December 3, 10, 17, 24
Watch for information about our Advent Celebration
and our annual gathering of gifts for the children
at the shelter of the Support Network of the YWCA Domestic Violence
and at the Fisher House (with loved ones in the poly-trauma unit at the VA Hospital)
The God who comes to us
A reflection from Pastor Bonde
Advent became my favorite season of the year when the girls were small. I made a very simple Advent Wreath – actually an Advent log – from a section of a large branch into which I had drilled four holes and inserted blue candles. We set it up on the top of our small spinet piano with an Advent calendar and the elements of our congregation’s advent devotional: a folder in which to insert quarters each day and a list of readings and the prayer of the day from the previous Sunday.
Every evening the four of us squeezed together onto the piano bench, lit the advent candles (1 in the first week, 2 in the second…) and sang an Advent hymn. Then one of the girls would read the assigned reading and the other would read the daily prayer. A small child’s voice reading these wonderful texts and prayers into the stillness was magical. Finally, Anna or Megan (taking turns, Megan on even days and Anna on odd days) would find the correct window for the day and open the Advent calendar and we would choose one more hymn.
It was a wonderfully sweet and peaceful family time.
We were living in Detroit at the time. Winters were dark and overcast. It was cold; the trees bare, and the dark cold made our part of town seem even poorer and more broken down. There was no sunlight or green leaves to take the edge off barred windows and boarded up storefronts. So that simple, peaceful time together on the piano bench radiated a quiet, wonderful hope. The world does not belong to decay; Christ comes to us.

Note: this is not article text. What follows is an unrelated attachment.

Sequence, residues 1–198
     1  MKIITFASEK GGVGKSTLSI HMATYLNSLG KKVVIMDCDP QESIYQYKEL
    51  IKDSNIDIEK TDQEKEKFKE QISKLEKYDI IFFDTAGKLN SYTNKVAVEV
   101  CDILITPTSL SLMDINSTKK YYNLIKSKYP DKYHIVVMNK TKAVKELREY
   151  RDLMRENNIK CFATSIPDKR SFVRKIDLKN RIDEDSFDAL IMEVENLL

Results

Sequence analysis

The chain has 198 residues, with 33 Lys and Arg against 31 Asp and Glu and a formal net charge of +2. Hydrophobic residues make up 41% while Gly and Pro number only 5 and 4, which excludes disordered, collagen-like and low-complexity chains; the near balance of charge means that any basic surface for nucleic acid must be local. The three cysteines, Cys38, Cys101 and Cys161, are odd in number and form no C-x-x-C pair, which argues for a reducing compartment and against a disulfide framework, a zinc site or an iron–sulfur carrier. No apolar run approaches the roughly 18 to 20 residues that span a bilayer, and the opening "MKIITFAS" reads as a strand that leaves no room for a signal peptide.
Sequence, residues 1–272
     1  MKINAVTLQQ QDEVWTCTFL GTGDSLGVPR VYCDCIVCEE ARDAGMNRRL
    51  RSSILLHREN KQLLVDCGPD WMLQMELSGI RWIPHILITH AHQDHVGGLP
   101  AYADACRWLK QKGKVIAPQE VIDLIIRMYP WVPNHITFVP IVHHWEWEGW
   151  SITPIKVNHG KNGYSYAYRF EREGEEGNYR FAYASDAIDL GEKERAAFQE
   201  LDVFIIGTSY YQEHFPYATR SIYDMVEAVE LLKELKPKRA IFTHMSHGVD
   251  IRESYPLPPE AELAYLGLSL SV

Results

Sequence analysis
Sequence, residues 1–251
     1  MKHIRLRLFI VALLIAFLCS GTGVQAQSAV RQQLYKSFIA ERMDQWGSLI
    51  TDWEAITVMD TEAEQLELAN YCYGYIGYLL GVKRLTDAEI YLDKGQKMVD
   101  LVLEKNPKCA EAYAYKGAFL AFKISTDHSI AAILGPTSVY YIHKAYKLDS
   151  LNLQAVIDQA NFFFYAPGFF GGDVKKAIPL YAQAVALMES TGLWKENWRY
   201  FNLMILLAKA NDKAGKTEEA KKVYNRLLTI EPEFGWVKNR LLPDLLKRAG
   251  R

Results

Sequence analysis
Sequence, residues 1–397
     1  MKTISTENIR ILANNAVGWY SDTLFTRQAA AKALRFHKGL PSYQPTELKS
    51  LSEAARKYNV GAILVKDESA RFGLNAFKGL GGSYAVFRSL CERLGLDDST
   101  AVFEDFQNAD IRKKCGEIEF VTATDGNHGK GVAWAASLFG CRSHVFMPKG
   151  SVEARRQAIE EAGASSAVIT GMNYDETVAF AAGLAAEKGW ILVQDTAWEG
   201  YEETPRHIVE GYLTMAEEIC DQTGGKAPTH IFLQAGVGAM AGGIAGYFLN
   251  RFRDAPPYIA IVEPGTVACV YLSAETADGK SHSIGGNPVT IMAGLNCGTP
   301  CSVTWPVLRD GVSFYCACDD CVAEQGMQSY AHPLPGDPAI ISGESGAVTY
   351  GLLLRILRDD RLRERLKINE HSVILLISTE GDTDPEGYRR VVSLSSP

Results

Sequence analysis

Advent begins with our eyes turned to the horizon of human history – when Christ shall come and reign over a world made new, when swords are beaten into plowshares and the lion lies down with the lamb, when every tear is wiped away and the veil of sorrows lifted, when the new Jerusalem comes like a bride adorned for her husband.
As the days pass, the focus shifts from the grace of God that shall come, to the grace that has come: to the promise of the prophets and the preaching of John and the announcement to Mary that she shall bear a son. Advent may be a season of waiting, watching and preparing – but it is a waiting and preparing for joy.
Christ comes. He who stands at the beginning and end of time comes into the midst of time. He comes in the child of Nazareth. And he comes to us in our daily lives. In a season of gathering darkness, he comes as the world’s true light, our true joy, our true peace.
Every evening on our piano bench, with a child on my lap, I was privileged to have a taste of that everlasting peace.